|Photo by Marvin Shaouni|
In his 2008 bestseller In Defense of Food, Michael Pollan makes a number of salient points about what we eat. For one, he reminds us that food is, in fact, about much more than eating. It's also "about pleasure, about community, about family and spirituality, about our relationship to the natural world, and about expressing our identity."
Pollan goes on, memorably, to define food by contrasting it with the "edible food-like substances" (Twinkie, anyone?) that constitute the contemporary Western diet: "lots of processed foods and meat, lots of added fat and sugar, lots of everything -- except vegetables, fruits, and whole grains...I contend that most of what we're consuming today is no longer, strictly speaking, food at all, and how we're consuming it -- in the car, in front of the TV, and, increasingly, alone -- is not really eating, at least not in the sense that civilization has long understood the term." But, he continues, "We are entering a postindustrial era of food; for the first time in a generation it is possible to leave behind the Western diet without having to leave behind civilization."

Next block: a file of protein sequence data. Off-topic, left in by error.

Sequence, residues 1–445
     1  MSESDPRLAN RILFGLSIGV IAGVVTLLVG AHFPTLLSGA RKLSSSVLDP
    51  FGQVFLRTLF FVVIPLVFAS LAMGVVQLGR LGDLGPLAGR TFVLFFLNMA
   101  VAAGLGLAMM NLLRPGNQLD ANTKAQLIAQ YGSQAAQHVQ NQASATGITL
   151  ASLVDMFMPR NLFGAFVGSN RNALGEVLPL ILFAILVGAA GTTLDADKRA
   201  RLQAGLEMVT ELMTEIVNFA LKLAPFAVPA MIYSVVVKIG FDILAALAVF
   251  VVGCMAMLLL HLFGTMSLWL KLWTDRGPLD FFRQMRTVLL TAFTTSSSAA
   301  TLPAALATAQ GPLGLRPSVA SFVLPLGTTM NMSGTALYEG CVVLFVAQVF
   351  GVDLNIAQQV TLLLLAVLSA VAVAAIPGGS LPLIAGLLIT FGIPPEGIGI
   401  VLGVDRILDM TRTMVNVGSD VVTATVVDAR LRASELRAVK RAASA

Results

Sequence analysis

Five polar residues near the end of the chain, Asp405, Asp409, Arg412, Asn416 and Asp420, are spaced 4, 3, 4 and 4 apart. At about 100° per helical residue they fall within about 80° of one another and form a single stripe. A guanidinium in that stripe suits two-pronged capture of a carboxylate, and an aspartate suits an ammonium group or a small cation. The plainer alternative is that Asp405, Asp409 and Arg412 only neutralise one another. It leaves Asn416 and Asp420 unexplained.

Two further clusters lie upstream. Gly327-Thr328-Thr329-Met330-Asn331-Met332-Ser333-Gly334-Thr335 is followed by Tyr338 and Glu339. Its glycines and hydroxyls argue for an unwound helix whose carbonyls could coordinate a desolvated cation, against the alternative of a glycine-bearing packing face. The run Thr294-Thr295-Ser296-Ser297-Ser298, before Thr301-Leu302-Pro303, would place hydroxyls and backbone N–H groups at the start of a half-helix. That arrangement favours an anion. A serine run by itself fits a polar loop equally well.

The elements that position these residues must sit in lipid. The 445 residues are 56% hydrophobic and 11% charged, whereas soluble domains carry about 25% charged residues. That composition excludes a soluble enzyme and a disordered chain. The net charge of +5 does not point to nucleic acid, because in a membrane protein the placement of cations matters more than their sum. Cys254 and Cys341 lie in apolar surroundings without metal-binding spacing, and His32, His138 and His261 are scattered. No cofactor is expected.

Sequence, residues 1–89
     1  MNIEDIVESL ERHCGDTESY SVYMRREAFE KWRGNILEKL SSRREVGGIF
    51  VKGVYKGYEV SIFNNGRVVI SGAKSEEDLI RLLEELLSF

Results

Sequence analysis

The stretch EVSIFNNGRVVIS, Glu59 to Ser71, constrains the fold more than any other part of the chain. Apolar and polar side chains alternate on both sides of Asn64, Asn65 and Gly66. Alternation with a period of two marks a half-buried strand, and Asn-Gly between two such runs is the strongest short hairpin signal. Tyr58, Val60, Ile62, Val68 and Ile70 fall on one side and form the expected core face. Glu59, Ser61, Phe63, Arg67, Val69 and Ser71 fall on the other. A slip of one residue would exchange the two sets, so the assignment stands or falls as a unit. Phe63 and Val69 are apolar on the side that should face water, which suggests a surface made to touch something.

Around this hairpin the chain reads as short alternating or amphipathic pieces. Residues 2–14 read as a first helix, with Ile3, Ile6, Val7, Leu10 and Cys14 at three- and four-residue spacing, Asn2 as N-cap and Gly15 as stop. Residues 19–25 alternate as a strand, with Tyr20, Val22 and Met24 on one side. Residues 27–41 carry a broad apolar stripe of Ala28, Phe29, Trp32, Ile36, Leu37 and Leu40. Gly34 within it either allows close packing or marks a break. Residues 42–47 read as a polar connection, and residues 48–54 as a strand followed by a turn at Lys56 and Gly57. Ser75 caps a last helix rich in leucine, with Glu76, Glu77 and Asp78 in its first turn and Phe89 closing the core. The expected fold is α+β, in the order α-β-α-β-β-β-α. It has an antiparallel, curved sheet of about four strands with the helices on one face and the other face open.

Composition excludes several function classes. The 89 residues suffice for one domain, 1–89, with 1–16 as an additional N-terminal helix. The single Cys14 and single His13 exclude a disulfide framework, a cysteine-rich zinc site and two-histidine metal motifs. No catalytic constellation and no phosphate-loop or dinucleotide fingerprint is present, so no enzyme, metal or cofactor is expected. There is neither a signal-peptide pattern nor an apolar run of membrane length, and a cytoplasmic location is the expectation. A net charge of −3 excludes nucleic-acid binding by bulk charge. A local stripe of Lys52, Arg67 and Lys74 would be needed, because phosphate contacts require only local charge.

For this month's diary entry, we're considering how these various truths play out in Detroit, where gardeners, farmers, activists and socially conscious entrepreneurs battle daily against the alluring ease and convenience of fast food and liquor store fare. According to the comprehensive City of Detroit Policy on Food Security, prepared by the Detroit Food Policy Council (that's essential reading if you're interested in this subject), "In the city of Detroit, the most accessible food-related establishments are party stores, dollar stores, fast-food restaurants and gas stations. Although most neighborhoods may have a grocery store within a 'reasonable' distance, the quality and selection of food items is exceedingly lacking."
The policy, officially adopted by City Council in 2009, goes on to elaborate how this problem is exacerbated by lack of access to transportation, and how it results in malnutrition and chronic health conditions among the population. There is further discussion of the troubling lack of black control over the food system in a majority black city, as well as a vigorous defense of urban agriculture, an old tradition here, as a vital component of the quest for food security.
The Food Security policy points the way toward a future in which all residents in Detroit have access, "in close proximity, to adequate amounts of nutritious, culturally appropriate food at all times, from sources that are environmentally sound and just." An in-depth investigation into how Detroiters are working toward that goal would be a book-length subject in itself. As usual, I'll hone in on one or two developments.